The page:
more readily apparent, as are the trade-offs between them (to the
consternation of some who have for decades seen their particular
contribution to national security as their undeniable claim on
resources!). As conceived and published, the strategy, for
instance, makes clear that the contribution of various means to
provide for "environmental security" contributes to the first
goal--"enhancing our security"--n much the same way as does
"maintaining a strong defense capability."

But, even with this truly post-Cold War conception of our


security coupled with a much more sweeping array of policy
instruments for its pursuit--from population control, to
environmental security, to nonproliferation initiatives, etc.--
one is left with the impression that some of the more
traditional, but vitally effective, means of providing for our
national security, e.g., nuclear deterrence, have been
inadequately addressed in the strategy. Equally noticeable by
their absence in this globalist approach to national security are
the priorities necessary to make this strategy operative. While
the "engagement" of the United States in the future is "to be
selective," dependent on the intensity of the interest involved,
there is little discussion of how U.S. leadership--"Never has
American leadership been more essential"--is to be effective
without direct engagement of our national capabilities, and the
specific causes or regions in which that must be done are not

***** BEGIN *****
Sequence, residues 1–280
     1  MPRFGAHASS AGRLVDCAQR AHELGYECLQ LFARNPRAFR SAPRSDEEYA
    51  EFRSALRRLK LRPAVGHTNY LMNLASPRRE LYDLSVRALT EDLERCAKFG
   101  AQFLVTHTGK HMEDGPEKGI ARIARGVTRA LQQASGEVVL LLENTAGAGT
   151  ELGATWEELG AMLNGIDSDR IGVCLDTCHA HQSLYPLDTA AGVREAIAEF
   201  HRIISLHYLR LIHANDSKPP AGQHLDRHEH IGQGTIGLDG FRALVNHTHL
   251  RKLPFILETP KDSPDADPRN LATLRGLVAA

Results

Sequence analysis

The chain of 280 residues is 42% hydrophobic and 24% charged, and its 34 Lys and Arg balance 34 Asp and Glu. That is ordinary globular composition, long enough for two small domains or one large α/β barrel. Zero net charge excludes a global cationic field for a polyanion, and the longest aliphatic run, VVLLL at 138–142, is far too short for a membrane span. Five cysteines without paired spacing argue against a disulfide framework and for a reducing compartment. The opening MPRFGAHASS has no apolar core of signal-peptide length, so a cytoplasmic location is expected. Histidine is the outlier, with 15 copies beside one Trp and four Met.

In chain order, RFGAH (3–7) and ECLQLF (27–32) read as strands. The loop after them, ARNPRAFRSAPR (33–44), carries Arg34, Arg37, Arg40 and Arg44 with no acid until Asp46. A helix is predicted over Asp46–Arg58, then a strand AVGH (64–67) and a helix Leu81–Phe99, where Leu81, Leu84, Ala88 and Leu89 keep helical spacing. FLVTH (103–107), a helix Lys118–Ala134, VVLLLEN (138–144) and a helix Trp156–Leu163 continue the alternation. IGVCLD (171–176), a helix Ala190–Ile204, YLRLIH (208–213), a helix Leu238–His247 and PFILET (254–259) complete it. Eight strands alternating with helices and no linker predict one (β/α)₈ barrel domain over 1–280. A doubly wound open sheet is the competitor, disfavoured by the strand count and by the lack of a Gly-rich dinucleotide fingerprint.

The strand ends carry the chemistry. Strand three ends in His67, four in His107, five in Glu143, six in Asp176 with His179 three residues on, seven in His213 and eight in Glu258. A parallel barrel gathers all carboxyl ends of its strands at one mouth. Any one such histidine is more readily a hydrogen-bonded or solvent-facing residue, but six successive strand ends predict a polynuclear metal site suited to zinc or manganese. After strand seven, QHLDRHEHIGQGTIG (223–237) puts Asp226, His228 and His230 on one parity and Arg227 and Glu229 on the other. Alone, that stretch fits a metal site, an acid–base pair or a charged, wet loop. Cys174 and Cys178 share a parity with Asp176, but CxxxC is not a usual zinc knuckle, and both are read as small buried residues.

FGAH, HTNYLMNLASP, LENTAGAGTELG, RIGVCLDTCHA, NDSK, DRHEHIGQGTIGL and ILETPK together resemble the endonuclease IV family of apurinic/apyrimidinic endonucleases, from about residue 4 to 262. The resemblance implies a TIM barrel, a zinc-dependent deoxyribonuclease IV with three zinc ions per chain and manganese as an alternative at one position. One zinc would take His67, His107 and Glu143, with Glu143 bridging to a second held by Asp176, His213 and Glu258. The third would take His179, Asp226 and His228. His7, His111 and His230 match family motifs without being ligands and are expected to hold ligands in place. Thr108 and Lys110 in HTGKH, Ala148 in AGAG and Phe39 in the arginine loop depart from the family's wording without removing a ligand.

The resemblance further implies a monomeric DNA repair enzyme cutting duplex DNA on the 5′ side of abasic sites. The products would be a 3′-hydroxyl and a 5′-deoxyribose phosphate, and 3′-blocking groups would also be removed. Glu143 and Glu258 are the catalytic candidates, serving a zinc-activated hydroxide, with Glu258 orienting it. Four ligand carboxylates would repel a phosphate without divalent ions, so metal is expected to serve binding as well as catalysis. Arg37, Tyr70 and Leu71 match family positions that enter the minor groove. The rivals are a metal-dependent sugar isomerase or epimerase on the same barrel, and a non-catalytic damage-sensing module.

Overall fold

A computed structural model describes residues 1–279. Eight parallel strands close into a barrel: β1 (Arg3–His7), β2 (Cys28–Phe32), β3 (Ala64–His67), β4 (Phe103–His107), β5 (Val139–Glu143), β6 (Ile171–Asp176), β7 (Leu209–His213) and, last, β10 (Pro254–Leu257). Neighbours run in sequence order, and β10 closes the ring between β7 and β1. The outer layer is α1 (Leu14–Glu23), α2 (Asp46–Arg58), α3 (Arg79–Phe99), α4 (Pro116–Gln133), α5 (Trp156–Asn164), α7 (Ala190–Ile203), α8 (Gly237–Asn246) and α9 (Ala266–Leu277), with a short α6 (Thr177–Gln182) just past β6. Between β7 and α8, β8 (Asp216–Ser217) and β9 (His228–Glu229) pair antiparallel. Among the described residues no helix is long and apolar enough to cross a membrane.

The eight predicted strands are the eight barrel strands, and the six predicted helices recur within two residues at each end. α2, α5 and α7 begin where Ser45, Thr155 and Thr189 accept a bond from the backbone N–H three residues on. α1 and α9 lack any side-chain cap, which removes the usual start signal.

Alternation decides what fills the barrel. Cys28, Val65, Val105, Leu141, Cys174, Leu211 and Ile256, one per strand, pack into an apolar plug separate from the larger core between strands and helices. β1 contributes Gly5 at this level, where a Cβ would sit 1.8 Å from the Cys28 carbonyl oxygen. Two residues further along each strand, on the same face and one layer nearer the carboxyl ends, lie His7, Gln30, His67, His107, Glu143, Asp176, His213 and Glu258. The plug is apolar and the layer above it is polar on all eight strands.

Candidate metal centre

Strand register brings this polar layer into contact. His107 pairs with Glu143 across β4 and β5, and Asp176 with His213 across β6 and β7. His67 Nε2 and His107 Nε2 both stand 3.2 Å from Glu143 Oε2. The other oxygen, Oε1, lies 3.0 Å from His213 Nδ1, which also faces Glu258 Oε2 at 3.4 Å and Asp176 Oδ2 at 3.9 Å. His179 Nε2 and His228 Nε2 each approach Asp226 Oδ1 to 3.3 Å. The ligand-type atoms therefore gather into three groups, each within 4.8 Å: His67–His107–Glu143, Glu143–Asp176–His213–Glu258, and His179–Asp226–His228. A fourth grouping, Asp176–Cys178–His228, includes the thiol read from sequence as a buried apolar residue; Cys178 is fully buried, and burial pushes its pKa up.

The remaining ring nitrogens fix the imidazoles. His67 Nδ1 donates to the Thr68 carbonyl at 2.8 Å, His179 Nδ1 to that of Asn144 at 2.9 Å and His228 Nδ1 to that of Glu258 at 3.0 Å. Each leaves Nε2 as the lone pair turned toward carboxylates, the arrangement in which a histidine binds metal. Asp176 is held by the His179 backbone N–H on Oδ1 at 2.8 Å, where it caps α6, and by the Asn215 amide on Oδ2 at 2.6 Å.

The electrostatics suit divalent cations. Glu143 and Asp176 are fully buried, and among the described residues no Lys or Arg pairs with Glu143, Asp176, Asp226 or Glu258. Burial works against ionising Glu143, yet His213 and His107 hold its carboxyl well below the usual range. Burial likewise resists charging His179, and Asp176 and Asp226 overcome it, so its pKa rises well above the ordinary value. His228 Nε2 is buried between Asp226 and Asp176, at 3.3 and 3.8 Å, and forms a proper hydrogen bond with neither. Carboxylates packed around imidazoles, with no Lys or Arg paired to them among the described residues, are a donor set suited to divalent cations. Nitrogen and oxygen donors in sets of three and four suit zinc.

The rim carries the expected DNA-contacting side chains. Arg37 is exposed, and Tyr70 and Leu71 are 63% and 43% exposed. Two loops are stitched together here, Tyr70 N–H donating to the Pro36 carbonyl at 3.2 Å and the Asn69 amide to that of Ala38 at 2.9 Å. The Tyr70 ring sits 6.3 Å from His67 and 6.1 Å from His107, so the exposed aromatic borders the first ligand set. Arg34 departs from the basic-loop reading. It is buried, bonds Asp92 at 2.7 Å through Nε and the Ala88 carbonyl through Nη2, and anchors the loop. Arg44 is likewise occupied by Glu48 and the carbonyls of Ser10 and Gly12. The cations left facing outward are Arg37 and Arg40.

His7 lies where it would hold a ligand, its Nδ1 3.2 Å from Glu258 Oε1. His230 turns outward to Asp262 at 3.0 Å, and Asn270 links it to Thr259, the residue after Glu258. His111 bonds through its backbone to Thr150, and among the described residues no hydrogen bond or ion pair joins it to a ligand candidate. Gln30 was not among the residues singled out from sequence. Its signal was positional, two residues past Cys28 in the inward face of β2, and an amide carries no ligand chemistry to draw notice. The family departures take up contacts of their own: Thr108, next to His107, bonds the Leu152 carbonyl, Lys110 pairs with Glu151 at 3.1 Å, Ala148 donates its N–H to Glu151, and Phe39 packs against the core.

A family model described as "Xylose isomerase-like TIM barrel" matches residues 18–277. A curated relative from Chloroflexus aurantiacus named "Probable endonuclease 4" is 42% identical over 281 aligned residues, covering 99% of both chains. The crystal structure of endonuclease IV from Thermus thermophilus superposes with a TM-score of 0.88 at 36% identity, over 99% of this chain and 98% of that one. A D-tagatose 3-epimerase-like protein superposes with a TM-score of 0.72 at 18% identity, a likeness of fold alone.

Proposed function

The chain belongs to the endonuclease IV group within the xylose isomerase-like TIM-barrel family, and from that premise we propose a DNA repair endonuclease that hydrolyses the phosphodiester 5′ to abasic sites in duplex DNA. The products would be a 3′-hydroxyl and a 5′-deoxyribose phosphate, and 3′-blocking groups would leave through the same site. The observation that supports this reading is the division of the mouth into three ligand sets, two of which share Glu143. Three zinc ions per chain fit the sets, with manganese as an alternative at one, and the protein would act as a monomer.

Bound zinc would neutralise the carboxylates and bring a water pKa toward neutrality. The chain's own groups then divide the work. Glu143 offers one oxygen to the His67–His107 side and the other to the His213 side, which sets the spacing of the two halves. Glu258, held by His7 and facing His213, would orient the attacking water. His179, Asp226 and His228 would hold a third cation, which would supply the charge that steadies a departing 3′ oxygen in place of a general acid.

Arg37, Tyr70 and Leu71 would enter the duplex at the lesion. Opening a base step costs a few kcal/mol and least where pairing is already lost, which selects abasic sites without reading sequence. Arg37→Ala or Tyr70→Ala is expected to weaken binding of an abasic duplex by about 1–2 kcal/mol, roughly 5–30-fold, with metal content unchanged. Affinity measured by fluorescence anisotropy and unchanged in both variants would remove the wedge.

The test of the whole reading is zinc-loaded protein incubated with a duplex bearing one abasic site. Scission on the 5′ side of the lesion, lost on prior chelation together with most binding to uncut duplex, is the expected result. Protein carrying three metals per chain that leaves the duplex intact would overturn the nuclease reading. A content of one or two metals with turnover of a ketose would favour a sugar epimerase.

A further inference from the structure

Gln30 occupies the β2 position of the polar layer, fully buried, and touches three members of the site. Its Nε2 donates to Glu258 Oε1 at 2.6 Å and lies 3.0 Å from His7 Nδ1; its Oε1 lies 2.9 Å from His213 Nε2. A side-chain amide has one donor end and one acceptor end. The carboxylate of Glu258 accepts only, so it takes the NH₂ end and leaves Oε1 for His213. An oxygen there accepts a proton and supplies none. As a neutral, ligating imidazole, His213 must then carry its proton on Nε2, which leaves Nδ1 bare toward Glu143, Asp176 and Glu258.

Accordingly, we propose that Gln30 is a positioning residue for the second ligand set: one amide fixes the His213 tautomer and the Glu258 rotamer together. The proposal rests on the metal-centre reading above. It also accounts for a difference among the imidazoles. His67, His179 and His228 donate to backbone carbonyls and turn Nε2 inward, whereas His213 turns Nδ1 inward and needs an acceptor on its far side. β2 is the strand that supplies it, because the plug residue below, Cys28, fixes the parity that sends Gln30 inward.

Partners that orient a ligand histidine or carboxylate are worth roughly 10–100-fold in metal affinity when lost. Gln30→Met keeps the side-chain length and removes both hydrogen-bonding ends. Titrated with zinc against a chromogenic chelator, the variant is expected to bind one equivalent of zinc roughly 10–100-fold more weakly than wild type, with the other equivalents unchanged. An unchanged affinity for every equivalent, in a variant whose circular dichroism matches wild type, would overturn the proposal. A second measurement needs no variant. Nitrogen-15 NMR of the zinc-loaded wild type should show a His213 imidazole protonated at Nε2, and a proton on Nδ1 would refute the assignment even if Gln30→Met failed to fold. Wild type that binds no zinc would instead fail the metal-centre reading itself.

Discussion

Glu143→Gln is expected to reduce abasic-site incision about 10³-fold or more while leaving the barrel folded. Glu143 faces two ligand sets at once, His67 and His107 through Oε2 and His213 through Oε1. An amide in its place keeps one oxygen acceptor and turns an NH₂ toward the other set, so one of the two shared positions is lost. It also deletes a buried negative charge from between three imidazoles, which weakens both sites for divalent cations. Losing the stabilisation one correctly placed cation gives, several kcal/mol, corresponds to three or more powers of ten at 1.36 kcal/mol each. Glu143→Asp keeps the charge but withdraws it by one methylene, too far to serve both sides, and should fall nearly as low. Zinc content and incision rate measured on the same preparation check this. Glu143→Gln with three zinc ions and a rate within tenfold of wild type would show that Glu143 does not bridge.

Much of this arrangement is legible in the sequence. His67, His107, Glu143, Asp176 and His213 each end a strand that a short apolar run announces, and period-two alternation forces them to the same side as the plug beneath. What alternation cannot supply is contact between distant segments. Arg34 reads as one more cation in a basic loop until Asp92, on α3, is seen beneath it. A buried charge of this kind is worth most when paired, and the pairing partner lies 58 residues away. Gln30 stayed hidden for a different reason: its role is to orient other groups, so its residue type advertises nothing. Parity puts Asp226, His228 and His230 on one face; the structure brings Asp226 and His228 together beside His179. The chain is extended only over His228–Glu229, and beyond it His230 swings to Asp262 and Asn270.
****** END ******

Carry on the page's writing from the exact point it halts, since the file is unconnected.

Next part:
made clear. In fact, the foreign policy record of the first two
years already demonstrates this to be one of the strategy's major
shortcomings.

In the months and years ahead this issue of the


effectiveness of American leadership may well be the linchpin of
any strategic formulation for advancing America's interests in
the world, including this new one by the Clinton administration.
There are several reason for this. First, allies and friends no
longer need our assistance with their security, or so they
perceive and act. As a result, the leverage that extended
deterrence and other strategic arrangements of the Cold War
accrued to our leadership has withered. Second, the economic


aspects of Clinton's foreign policy may be perceived as intrusive
from the perspective of a nation whose markets we want to be
opened to our exports. This has already caused several former
allies and friends to distance themselves from what they see as
economic nationalism, and a leadership that is fostering it.
Third, America's problems at home, particularly faltering
education, rampant crime and violence, and rising racial
divisions have dimmed the message we send to promote the spread
of democracy abroad. If these are the result of our form of
democracy, as many rising industrial nations believe, we are
promoting a form of cultural imperialism that they can do
without.

Conclusions.

Several conclusions about the formulation of American


national security strategy can be drawn from the experiences of
these six reports, conclusions of process and substance that,
perhaps, are arrived at uniquely from the NSC perspective.

The first conclusion is obvious from the earlier


discussions, but so deeply pervades all else that I want to state
it explicitly--there is no real consensus today as to the
appropriate grand strategy for the United States. And, more
important, this lack of consensus is due far less to any type of
constraint on strategic thinking than it is to the fundamental
value differences in our electorate, and the resulting legacy of
federal government divided between the political parties and